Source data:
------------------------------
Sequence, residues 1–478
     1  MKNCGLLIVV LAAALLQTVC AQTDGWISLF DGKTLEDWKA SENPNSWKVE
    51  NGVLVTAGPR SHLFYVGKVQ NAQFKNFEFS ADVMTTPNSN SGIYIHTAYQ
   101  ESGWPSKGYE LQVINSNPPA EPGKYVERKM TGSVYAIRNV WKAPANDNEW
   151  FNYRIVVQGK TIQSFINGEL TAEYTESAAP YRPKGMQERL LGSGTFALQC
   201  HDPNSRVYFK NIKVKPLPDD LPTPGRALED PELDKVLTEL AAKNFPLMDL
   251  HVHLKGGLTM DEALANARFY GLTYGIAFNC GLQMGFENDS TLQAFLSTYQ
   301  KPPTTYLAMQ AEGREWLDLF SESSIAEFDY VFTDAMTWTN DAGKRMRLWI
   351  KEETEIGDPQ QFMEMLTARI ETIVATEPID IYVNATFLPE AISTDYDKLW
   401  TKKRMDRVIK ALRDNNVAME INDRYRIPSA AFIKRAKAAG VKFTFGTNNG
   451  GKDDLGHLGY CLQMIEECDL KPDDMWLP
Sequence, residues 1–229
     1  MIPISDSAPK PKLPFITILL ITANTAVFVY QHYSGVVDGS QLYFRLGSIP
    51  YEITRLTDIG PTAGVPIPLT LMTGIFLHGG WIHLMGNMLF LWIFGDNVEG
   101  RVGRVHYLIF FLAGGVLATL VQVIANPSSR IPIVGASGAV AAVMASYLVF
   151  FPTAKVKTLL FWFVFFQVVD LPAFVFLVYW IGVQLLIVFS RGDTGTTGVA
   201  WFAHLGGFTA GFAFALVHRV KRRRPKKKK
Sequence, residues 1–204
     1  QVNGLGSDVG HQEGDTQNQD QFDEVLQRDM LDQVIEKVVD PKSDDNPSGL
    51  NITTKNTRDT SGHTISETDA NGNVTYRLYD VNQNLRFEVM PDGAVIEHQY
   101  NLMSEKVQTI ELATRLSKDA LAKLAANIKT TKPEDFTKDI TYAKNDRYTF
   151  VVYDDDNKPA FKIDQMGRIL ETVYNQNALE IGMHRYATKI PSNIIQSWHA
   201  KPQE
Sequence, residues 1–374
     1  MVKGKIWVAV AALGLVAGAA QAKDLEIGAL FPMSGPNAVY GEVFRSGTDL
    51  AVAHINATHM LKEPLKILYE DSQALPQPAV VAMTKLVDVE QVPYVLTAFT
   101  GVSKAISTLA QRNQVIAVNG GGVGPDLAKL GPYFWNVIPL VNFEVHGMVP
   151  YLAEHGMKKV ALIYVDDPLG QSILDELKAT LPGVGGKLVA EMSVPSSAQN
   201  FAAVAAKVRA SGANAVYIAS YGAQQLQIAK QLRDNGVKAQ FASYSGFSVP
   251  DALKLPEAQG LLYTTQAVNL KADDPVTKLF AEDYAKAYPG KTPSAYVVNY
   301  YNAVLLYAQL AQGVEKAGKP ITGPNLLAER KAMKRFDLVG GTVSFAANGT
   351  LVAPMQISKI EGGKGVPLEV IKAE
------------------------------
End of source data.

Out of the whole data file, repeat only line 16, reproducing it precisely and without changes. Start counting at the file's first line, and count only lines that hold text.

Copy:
   151  FPTAKVKTLL FWFVFFQVVD LPAFVFLVYW IGVQLLIVFS RGDTGTTGVA